Sport

Overuse groin injuries should be given attention

DOCTOR’S CORNER with Dr JOSEPH KABUNGO
I HAVE been discussing with my colleague from Cameroon whom I am working with during the 2017 Gabon Africa Cup of Nations on the need for players to rest.
I am in Gabon as a member of the Confederation of African Football medical committee.
Rest can provide a perfect window for the recovery of overuse injuries and he shared with me how a young player from his country has been troubled by a groin injury.
This injury has been attributed to overuse and the insistence of the player and the coach to continue playing even when he is experiencing pain in the groin.
The picture is not different from what I have observed in many players I have handled through the years.
The long soccer season and the lack of adequate recovery of players from repeated micro-trauma can lead to some of the observed overuse injuries affecting various parts.
It is the nature of the pain and the challenges associated with the treatment of overuse injuries that must be appreciated by sports men.
It does not matter what sort of sport you play but the bottom line is that overuse injuries are a common occurrence.
It is worth remembering that overuse injuries are as a result of the repetitive trauma that arises either in the muscle, tendon or any other structure associated with participation in sport.
Normally sport and exercise in general has to be beneficial and not cause any pain. However the prolonged periods of certain activities result in body structures failing to recover fully before the next training session and in the end this results in having muscles or tendons which are too weak because of this repeated trauma.
This is the reason why recovery and good training programmes are an essential component in the prevention of injuries.
It must be appreciated that there are also individual differences which exist and two people will react differently to the same training programme.
It becomes vital for the coaching staff and the medical team to take individual differences into consideration.
In football, overuse injuries will result in loss of confidence, sprinting will be affected, and performance will go down.
If there is no in-depth investigation on how a good player has suddenly lost form, the problem will take longer to resolve.
This is one attribute of overuse injuries which has to be taken care of all the time.
Bilateral groin pain, or pain in the right and left groin area is one concern to an athlete, especially those involved in sport where sprinting and jumping is part of the game.
Groin pain in a football player or athlete can be so debilitating especially if it results in them missing training or competitive games.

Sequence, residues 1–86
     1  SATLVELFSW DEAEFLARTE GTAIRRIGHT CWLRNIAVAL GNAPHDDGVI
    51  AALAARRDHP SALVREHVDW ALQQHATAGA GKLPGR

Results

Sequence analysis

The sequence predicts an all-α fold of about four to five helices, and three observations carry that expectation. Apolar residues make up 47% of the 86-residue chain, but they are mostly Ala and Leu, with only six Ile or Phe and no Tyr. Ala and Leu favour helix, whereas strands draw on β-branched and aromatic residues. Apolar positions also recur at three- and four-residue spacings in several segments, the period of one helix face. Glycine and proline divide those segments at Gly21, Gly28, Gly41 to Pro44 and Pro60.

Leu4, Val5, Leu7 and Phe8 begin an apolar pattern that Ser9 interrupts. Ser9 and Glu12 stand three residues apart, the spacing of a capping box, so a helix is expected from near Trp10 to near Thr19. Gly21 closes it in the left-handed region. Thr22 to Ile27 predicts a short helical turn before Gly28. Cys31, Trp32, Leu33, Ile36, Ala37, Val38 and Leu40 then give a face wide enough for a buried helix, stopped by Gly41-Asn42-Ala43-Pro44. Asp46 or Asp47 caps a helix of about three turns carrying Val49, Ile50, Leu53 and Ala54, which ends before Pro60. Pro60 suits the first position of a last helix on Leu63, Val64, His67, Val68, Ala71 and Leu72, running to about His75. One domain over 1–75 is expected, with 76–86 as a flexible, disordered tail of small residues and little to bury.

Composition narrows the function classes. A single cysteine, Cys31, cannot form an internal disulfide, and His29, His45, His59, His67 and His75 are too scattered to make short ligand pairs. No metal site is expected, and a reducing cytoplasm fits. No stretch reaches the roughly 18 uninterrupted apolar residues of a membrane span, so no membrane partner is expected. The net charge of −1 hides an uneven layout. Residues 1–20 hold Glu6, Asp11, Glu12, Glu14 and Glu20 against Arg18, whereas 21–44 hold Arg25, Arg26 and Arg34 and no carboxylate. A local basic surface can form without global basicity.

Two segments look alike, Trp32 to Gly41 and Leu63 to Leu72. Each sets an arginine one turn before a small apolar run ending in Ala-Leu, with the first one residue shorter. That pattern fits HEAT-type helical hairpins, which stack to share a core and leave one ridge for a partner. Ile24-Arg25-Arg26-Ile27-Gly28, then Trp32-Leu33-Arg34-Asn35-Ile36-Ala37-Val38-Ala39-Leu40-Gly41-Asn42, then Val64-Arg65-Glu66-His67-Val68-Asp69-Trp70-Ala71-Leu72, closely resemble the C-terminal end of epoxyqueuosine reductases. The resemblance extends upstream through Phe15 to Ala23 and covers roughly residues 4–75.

Most of the players will complain of pain which is associated with exercise.
The pain will be felt as soon as they engage in physical activity and disappear when they have fully warmed up.
If the problem is not attended to, the pain will continue even after a training session.
I have seen football players resorting to taking painkillers which are self prescribed.
The normal language is that “Doc, I need some diclofenac”, and when you ask them why they need the painkiller, they respond that the body is generally aching.
The bottom line is that they are trying to conceal one problem for fear of losing a position in the team.
The players do more harm than good to themselves each time they want to participate in sport while carrying an injury.
This is not the case only for overuse injuries but also for many other types of injuries.
In football players, the groin pain that can be unilateral or bilateral, will result in reduction of the turning and twisting movements, loss of power in kicking the ball, reduction in sprinting abilities and the general technical abilities will be affected.
The most important thing is for anyone experiencing this kind of groin pain to seek medical attention.
This will enable the medical team to assess the player and come up with specific programmes that will help in the recovery process.
Neglected groin injuries can result in long periods of absence from football.
To avoid these long periods of absence, the groin pain has to be reported early.
Applying ice after physical activity will reduce the pain and the actual inflammatory process.
It is also important to consider taking rest from sport related physical activities that might trigger pain in the groin.
After a period of rest a gradual return to physical activity is always advisable and this must be coupled with exercises that will strengthen the muscles.
The world soccer governing body, FIFA has come up with an injury prevention programme which is known as the Eleven Plus (Eleven +).
This programme has a set of simple but important exercises which can be used in the injury prevention and also the strengthening of the core muscles.
It is important if you are a football player in an organised structure to ask your coach about this programme.
It is a programme that every coach should be conversant with because of the benefits it has in helping in injury prevention.
The coaching bench should always take players wellbeing as a priority.
It is also a primary responsibility of the player to take care of his or her own health and seek medical attention for any physical problem.
For questions and contributions write to Dr Kabungo Joseph
Email: zengajk@yahoo.

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